Monday, July 20, 2015

Ligny, a CLS AAR

On Saturday July 11 we traveled to Bill Garrett's home in Belvedere IL to play his modified version of Column, Line, & Square (CLS) in a scaled down representation of the Battle of Ligny for the 200th anniversary of the battle. The game is in 25mm, using Minifig Miniatures from Bill's collection. Troops are organized at a 30 to 1 scale. The players were Bill (as Marshal Blucher), Tim King, and Ken Kaergard as the Prussians. Keith Leidy was the Emperor, Bob Pavlik, Mike Zemuda, and myself were the Emperor's minions. 

Above is the Prussian deployment. 

Above shows the start of the French attack.

Above shows the battle being joined on the French left. The Prussians have sent troops across the stream to St. Amand (buildings in the center of the picture). French cavalry is massed to the right of the village. One interesting phenomena was Marshal Blucher commanding more and more of his subordinate's troops as the game progressed.

A close-up of St Amand and the fighting near Ligny. The French Guard has entered the board on the right. The toothpicks are casualty markers. CLS uses the old school "bean counter" technique of counting figures and multiplying the number firing by die rolls, etc. Kill percentages are quite high, as much as 60-70% or more. Some figures fire better than others, so are calculated differently. Melees consist of at least 6 rounds per turn of combat of opposed throws. The difference in pips on each throw is dead points for the loser. It is all very time consuming for a large game like this. Attacking a building in these rules is a losing proposition. Firing at buildings by bringing everything to bear is the best solution.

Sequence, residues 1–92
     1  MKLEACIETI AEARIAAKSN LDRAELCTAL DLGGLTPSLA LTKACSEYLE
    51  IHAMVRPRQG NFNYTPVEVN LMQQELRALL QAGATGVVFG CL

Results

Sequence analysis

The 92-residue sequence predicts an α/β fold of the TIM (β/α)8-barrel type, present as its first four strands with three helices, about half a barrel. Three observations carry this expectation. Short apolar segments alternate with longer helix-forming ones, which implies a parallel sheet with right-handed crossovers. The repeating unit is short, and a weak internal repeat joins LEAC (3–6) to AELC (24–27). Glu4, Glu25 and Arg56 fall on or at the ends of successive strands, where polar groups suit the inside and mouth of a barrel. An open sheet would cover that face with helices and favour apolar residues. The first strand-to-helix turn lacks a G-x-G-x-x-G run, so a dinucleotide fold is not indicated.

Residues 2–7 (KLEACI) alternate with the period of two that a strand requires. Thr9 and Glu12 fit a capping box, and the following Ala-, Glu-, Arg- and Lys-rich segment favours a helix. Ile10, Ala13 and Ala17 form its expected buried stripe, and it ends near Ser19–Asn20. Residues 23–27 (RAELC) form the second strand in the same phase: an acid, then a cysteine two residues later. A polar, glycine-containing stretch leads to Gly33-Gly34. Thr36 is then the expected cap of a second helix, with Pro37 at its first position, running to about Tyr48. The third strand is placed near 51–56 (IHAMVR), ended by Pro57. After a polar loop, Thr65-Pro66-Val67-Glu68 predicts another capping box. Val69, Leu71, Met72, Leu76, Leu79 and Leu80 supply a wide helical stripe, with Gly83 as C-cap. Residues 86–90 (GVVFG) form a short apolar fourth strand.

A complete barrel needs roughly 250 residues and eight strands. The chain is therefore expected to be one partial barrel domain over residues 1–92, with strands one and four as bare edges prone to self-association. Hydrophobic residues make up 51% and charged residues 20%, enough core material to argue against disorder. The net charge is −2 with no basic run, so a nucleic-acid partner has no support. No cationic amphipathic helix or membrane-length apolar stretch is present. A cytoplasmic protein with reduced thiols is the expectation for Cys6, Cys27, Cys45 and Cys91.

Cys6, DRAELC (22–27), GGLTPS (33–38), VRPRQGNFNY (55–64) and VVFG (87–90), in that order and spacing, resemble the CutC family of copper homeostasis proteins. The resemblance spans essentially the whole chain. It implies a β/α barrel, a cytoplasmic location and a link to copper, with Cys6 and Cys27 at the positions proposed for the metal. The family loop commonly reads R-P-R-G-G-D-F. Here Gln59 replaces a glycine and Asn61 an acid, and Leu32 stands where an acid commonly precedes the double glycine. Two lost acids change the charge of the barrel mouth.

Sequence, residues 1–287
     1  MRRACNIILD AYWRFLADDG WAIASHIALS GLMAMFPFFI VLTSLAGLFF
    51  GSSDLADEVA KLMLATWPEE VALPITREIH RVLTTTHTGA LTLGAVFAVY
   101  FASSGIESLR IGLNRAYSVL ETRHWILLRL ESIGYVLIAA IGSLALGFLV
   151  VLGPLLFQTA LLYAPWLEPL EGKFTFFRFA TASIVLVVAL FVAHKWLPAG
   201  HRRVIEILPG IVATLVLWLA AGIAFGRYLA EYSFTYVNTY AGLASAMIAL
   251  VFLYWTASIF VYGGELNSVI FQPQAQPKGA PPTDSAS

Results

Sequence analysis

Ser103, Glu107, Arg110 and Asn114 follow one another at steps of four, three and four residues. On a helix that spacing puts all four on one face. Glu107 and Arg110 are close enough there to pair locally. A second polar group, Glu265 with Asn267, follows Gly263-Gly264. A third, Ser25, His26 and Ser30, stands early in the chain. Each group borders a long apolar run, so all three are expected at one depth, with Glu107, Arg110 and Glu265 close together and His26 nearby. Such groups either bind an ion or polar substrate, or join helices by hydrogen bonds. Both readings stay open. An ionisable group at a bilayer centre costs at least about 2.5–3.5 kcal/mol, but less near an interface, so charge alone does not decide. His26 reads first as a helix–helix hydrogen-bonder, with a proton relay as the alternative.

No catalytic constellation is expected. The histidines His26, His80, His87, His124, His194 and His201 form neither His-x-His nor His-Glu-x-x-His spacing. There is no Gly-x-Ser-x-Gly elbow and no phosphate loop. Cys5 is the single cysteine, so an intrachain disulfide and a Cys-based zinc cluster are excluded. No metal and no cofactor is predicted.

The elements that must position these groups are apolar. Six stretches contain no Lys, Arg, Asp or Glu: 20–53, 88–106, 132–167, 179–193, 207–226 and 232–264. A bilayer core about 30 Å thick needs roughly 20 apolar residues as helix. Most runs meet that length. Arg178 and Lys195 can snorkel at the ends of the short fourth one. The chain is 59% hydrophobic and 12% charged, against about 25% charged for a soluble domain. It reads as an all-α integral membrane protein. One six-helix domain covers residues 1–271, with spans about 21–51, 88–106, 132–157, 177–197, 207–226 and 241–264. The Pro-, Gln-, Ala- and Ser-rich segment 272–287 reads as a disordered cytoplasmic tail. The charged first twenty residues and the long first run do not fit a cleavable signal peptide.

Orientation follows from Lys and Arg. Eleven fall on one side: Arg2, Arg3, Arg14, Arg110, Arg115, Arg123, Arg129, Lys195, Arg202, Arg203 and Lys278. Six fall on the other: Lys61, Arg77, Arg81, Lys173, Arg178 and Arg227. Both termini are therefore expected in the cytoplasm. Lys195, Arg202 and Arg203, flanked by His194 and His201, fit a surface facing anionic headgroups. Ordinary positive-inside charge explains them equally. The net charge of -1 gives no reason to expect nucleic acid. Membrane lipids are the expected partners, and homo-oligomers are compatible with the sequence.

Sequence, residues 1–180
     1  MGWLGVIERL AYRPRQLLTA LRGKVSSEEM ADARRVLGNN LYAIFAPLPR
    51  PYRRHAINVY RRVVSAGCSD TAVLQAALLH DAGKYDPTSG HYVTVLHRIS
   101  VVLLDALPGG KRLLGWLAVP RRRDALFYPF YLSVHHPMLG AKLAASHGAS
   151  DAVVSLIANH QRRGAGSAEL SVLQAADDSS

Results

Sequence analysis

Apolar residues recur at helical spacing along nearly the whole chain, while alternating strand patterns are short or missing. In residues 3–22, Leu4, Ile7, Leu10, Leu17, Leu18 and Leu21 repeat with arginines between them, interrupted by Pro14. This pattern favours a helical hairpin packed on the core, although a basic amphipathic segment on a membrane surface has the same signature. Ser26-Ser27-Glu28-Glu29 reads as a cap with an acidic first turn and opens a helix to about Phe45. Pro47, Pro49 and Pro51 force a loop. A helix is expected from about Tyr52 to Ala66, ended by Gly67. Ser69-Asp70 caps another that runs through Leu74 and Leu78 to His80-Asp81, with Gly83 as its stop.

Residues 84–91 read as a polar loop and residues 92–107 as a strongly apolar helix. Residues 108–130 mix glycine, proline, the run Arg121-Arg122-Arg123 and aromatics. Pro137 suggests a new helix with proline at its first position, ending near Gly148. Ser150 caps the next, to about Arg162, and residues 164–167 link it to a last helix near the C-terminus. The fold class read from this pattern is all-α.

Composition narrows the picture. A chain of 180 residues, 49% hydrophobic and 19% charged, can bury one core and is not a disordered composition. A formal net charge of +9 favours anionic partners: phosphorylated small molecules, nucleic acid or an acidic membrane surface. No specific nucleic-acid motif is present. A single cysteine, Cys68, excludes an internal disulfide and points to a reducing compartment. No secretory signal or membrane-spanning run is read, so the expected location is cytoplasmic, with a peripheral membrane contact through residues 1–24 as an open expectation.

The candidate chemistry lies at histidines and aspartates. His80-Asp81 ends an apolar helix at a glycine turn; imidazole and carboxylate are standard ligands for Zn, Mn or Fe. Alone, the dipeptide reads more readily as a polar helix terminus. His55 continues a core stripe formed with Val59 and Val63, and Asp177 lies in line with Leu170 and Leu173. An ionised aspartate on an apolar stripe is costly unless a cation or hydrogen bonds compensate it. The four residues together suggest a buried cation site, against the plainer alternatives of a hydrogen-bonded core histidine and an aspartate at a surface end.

The French left and center are very active in battle. The French right/Prussian left were fighting defensively, just trading shots for most of the game. One of the interesting discussions during the game was how close can an enemy cavalry unit be for a friendly infantry unit to still be able to form square if charged. The CLS rules say 6." 

The view at the end of the game when time was called. We played a total of 7 turns in about 4 hours of non-stop gaming. The French seemed to have an edge in the center, but the game was still in doubt.

Bill did a lot of work to put on this game and organize the forces, and did a good job scaling the forces down. Unfortunately, the mechanics of CLS can be somewhat tedious for the limited amount of time we had to play and the size of the game. Of course, one can and should use whatever rules they want, especially if they have built their entire collection around a particular set. The way a game plays and looks (the "fun" factor") is very dependent on the rules themselves. There are still quite a few CLS players out there who enjoy the game, one very active group is in Rockford IL.

Other modifications to CLS we used included not using written orders, but instead, verbally first declaring charges & targets, then both sides making simultaneous movement. Artillery sticks were substituted by a system using yard sticks/inches and the number of gunners servicing a gun. 

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